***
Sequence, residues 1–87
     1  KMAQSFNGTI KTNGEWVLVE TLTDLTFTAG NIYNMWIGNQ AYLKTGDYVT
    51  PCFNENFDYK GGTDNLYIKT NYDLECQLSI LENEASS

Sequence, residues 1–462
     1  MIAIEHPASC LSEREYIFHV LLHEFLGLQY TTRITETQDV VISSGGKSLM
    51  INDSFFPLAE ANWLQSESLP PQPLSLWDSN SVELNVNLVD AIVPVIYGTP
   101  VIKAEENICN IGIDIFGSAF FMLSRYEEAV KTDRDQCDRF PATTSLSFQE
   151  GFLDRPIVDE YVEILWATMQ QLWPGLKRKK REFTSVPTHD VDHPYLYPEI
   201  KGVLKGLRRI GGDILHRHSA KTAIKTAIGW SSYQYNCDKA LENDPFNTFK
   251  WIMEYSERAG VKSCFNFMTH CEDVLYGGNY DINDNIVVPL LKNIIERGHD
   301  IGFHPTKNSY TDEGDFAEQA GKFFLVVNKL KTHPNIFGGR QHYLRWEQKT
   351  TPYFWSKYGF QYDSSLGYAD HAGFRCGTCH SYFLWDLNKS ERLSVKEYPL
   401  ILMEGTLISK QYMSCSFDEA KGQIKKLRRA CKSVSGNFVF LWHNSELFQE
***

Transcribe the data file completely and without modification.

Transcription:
Sequence, residues 1–87
     1  KMAQSFNGTI KTNGEWVLVE TLTDLTFTAG NIYNMWIGNQ AYLKTGDYVT
    51  PCFNENFDYK GGTDNLYIKT NYDLECQLSI LENEASS

Sequence, residues 1–462
     1  MIAIEHPASC LSEREYIFHV LLHEFLGLQY TTRITETQDV VISSGGKSLM
    51  INDSFFPLAE ANWLQSESLP PQPLSLWDSN SVELNVNLVD AIVPVIYGTP
   101  VIKAEENICN IGIDIFGSAF FMLSRYEEAV KTDRDQCDRF PATTSLSFQE
   151  GFLDRPIVDE YVEILWATMQ QLWPGLKRKK REFTSVPTHD VDHPYLYPEI
   201  KGVLKGLRRI GGDILHRHSA KTAIKTAIGW SSYQYNCDKA LENDPFNTFK
   251  WIMEYSERAG VKSCFNFMTH CEDVLYGGNY DINDNIVVPL LKNIIERGHD
   301  IGFHPTKNSY TDEGDFAEQA GKFFLVVNKL KTHPNIFGGR QHYLRWEQKT
   351  TPYFWSKYGF QYDSSLGYAD HAGFRCGTCH SYFLWDLNKS ERLSVKEYPL
   401  ILMEGTLISK QYMSCSFDEA KGQIKKLRRA CKSVSGNFVF LWHNSELFQE